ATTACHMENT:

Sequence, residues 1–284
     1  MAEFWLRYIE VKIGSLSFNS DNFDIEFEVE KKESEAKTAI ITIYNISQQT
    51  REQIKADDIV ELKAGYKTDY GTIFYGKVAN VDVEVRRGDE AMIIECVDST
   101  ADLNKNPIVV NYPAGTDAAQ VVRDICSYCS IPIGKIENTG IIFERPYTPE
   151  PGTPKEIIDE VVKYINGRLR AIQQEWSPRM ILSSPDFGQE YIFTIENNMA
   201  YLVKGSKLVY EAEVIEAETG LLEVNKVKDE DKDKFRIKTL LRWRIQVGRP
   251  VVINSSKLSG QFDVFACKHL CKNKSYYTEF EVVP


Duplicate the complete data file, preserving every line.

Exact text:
Sequence, residues 1–284
     1  MAEFWLRYIE VKIGSLSFNS DNFDIEFEVE KKESEAKTAI ITIYNISQQT
    51  REQIKADDIV ELKAGYKTDY GTIFYGKVAN VDVEVRRGDE AMIIECVDST
   101  ADLNKNPIVV NYPAGTDAAQ VVRDICSYCS IPIGKIENTG IIFERPYTPE
   151  PGTPKEIIDE VVKYINGRLR AIQQEWSPRM ILSSPDFGQE YIFTIENNMA
   201  YLVKGSKLVY EAEVIEAETG LLEVNKVKDE DKDKFRIKTL LRWRIQVGRP
   251  VVINSSKLSG QFDVFACKHL CKNKSYYTEF EVVP